Safe Systems hosted a live webinar earlier this month discussing how BEC works; the main techniques used in these types of attacks; and the cost-effective solutions needed to mitigate them. In case you missed it, here are a few key points from the webinar:

What is business email compromise and how does it work?

Business email compromise is a security exploit where an attacker targets an employee who has access to company funds or other non-public information and convinces the victim to transfer money into a bank account controlled by the attacker.

These attacks have two main categories:

  1. Phishing emails – this is just a spoofed email that seemingly comes from someone you trust within the organization (like the CFO or CEO) instructing an employee to wire money to a specific account.
  2. Account takeover – the attacker procures your real username and password and then logs into your mailbox where they are then able to send and receive emails at will from your actual account.

Using these attack methods, cybercriminals can commit many different types of fraud, including wire fraud, non-public information (NPI) theft, and spreading of malware.

There are also a number of different attack “types” that cybercriminals commonly use to take over accounts:

A single-stage attack is a social engineering email directing a user to complete a certain action. For example, an email may include a link that leads to a rogue website where the attacker is trying to capture login information. This is a fairly simple, one-step attack.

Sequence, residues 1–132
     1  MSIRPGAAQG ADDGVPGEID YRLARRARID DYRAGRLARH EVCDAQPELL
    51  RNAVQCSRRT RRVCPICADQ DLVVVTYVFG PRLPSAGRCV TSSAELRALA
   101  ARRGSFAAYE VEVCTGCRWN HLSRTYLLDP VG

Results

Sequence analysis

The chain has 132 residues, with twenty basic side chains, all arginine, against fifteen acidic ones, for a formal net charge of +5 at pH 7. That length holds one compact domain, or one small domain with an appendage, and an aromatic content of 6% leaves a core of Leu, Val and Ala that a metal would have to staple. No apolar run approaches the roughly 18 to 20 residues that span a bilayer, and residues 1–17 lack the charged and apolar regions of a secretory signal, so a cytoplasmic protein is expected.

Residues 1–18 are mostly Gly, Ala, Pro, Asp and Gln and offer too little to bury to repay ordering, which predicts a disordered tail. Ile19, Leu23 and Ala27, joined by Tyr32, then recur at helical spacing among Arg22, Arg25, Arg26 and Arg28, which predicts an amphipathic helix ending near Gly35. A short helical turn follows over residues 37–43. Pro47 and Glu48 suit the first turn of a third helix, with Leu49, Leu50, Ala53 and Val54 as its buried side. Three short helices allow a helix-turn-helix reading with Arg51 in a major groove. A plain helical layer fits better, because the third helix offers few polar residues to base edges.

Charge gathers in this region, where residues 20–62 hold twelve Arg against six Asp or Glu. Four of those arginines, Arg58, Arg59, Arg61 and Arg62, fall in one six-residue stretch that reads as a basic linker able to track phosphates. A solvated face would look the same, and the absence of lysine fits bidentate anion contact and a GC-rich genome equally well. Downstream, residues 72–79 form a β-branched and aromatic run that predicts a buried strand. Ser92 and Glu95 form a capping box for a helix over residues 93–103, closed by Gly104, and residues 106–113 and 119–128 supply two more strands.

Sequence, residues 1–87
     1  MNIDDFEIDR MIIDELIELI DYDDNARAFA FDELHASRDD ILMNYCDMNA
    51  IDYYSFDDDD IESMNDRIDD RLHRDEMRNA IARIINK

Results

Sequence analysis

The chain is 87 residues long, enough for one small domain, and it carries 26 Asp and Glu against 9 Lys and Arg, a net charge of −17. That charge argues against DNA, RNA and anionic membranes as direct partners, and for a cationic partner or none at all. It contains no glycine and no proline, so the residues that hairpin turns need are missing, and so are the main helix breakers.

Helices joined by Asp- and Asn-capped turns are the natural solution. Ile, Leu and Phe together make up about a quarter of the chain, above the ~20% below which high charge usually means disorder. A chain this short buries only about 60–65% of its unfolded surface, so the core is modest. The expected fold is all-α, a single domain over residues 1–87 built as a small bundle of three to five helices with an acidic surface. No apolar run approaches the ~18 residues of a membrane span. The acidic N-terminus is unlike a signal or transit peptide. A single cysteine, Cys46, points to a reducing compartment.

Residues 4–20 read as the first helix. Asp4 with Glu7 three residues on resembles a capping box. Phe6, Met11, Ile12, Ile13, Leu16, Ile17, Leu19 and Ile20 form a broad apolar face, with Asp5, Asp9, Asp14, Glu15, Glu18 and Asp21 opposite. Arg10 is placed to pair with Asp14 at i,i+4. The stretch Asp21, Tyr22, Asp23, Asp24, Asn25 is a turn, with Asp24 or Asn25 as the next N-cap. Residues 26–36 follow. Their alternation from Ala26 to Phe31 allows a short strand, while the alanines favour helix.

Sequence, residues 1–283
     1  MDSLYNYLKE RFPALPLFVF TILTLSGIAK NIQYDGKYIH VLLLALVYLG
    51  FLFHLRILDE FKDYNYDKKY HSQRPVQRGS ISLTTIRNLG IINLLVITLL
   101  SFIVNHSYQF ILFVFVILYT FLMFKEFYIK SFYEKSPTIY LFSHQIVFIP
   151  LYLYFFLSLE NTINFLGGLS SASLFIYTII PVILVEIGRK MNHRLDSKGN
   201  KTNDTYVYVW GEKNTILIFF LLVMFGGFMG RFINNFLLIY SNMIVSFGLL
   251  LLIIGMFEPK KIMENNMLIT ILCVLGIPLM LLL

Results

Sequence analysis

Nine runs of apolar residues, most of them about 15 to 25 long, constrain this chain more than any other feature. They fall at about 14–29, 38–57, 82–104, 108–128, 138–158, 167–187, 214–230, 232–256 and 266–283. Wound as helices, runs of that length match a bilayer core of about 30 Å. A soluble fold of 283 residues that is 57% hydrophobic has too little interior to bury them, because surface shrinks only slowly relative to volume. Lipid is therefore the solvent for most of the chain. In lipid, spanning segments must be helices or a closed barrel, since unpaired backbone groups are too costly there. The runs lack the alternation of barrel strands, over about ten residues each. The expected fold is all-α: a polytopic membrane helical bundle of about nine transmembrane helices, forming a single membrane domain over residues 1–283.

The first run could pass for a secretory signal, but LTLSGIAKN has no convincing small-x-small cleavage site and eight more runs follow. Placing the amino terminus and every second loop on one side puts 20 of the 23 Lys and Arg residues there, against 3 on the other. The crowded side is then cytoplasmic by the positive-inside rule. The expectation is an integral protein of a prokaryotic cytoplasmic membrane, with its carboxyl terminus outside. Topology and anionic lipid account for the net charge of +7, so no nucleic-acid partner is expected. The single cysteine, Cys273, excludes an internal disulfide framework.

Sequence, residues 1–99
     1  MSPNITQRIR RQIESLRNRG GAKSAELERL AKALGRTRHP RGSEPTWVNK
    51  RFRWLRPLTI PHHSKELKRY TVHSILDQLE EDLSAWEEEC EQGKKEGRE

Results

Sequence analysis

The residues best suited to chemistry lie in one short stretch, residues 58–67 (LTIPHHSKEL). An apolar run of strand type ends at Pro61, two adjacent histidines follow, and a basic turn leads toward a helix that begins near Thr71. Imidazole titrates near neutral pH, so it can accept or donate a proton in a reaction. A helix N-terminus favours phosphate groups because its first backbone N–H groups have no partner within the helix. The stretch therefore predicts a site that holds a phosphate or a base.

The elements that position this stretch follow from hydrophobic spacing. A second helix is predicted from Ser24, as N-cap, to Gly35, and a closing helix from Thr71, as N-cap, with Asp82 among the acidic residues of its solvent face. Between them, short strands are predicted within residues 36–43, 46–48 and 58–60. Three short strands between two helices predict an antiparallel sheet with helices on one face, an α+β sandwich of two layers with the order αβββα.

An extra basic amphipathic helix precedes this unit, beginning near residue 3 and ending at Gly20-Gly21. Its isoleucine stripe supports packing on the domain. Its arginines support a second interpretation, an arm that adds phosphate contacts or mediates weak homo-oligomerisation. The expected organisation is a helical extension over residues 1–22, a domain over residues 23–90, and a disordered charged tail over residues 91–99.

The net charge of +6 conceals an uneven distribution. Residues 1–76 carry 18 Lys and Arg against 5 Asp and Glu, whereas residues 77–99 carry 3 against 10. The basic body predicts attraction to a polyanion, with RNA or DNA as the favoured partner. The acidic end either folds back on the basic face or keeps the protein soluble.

The more sophisticated variation on this type of attack is the multi-stage method. In this attack, we often see that instead of having a link in the email that goes to a suspicious website that could potentially be blocked by other security layers, attackers use a link in the email that goes to a highly trusted place like a Citrix share file or some other trusted site. If the user clicks the link, they’ve now stepped outside of any email security layers the institution might have in place. Most often these sites are SSL encrypted so this underscores the importance of having SSL inspection performed on your traffic to ensure links in emails do lead to legitimate, secure websites. The problem with this, however, is that it can be an increasingly difficult job for some financial institutions to implement and manage.